HBCU Buzz Black History Month Tribute
Since 1976, Black History Month has been recognized by each President of the United States. During the month of February, the country embraces this federal holiday and the heritage and indelible contribution made by African Americans. Not only is this month a tribute to black culture, it is a month-long celebration of black history. Decades ago when Dr. Carter G. Woodson and several prestigious black leaders founded Negro History Week, who knew it would grow to be a federal holiday.
Black history month can never compensate for the centuries of free labor, psychological warfare, systematic oppression, or the lingering effects that plague the African American community daily, but it can empower and uplift the most criticized and mistreated race in the nation by providing a reminder of the resilience of African Americans’ ancestors.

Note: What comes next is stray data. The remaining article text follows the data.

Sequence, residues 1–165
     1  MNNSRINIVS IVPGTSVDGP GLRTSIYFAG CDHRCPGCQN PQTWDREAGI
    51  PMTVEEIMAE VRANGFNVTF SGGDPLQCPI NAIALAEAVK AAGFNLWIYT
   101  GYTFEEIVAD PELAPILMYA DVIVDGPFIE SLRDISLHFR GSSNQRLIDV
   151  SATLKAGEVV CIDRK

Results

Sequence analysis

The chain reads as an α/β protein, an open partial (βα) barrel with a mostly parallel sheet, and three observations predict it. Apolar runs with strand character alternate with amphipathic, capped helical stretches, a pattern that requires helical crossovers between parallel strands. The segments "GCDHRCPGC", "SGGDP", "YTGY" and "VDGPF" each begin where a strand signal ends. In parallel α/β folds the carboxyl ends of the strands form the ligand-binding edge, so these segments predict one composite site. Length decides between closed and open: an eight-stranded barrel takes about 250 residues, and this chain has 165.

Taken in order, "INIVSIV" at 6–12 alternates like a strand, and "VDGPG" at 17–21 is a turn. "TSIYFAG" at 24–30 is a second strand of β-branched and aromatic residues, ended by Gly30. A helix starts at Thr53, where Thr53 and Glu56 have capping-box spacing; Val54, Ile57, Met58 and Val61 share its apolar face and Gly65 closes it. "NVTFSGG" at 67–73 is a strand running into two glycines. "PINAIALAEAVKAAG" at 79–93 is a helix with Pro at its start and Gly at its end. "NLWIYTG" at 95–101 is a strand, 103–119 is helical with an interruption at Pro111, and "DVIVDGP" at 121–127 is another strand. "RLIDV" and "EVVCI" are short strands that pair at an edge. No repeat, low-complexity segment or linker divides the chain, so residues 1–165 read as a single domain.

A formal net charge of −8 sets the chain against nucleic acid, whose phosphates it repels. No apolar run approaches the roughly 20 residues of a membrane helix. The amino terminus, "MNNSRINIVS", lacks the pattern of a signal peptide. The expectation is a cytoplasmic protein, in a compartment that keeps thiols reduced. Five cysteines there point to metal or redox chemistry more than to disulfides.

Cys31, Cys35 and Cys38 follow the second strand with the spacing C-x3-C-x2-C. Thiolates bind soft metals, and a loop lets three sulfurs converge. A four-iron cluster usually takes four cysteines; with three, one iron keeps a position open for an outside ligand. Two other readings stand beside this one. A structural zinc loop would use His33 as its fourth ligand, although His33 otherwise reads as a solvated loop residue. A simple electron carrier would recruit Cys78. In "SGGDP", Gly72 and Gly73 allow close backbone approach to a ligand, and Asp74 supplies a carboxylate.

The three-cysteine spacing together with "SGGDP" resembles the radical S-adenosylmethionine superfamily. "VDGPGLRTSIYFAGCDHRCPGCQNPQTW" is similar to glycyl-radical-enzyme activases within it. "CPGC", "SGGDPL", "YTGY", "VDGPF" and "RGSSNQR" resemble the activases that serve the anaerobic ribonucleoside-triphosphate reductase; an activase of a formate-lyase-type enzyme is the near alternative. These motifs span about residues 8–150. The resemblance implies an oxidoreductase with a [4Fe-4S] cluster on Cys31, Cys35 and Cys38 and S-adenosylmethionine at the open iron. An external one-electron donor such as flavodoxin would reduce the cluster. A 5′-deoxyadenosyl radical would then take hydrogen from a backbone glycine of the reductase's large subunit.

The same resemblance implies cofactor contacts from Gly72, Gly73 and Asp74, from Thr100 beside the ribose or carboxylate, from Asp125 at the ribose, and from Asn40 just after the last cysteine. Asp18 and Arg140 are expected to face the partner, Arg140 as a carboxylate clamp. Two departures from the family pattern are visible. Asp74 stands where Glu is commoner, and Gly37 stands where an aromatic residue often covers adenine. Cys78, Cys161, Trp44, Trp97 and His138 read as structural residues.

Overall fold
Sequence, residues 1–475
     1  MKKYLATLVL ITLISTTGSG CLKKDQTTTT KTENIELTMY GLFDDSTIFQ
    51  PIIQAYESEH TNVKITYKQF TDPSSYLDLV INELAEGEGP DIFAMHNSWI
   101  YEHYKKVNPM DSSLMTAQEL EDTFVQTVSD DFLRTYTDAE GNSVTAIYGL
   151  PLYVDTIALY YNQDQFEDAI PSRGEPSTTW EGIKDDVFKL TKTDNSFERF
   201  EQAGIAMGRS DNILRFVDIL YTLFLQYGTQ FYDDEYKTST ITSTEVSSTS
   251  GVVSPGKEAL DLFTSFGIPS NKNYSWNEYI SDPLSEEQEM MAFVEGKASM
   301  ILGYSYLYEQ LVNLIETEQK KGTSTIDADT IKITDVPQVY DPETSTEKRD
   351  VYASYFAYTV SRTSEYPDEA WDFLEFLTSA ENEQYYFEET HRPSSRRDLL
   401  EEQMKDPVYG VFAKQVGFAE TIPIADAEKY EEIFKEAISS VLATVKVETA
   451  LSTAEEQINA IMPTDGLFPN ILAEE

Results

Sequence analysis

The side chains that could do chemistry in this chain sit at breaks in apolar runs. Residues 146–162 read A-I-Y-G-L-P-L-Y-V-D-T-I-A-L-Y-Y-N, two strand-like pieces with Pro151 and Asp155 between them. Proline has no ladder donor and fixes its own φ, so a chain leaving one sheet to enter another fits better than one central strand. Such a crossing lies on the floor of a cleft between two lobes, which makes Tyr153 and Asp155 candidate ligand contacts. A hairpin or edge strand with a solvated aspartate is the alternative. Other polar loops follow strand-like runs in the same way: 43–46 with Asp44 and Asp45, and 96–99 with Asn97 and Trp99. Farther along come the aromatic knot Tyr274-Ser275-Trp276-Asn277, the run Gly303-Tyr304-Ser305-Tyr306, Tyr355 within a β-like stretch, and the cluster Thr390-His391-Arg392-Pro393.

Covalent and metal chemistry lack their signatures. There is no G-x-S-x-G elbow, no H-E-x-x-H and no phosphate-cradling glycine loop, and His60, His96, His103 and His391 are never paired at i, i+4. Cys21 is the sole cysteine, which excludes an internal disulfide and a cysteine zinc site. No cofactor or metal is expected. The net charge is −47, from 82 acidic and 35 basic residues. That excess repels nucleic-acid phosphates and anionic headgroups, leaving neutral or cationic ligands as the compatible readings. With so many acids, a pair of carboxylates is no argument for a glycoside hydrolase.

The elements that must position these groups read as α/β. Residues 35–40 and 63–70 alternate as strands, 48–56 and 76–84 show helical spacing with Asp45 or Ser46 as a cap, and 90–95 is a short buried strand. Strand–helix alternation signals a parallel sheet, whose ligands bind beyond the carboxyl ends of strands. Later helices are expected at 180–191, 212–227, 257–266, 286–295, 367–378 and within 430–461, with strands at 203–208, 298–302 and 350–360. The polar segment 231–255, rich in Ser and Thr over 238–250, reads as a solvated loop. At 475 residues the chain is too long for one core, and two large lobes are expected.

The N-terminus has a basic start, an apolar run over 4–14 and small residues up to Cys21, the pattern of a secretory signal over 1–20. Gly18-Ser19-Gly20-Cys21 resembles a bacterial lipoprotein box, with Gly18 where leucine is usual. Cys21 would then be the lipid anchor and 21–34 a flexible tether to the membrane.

This year, we celebrate the 40th anniversary of Black History Month. 2016 marks a special time for Black History Month being the turn of the century, the 101-year anniversary of Association for the Study of Negro Life and History, now the Association for the Study of African American Life and History (ASALH). ASALH has selected the annual theme “Hallowed Grounds: Sites of African American Memories” to bring attention to the centennial celebration of the National Park Service and the more than twenty-five sites and the Underground Railroad Network to Freedom that are part of America’s hallowed grounds, including the home of the father of black history, Dr. Carter G. Woodson.
During a time when the justice system / public servants that have sworn to protect and serve vivid fall short of their promise, though somehow legally avoid justice, the purpose of Black History Month intensifies and becomes an even more crucial tradition. Martyrs named Mike Brown, Sandra Bland, Freddie Gray, and countless others were not slain in vain. This February, celebrate a legacy of strength, purpose, poise, and faith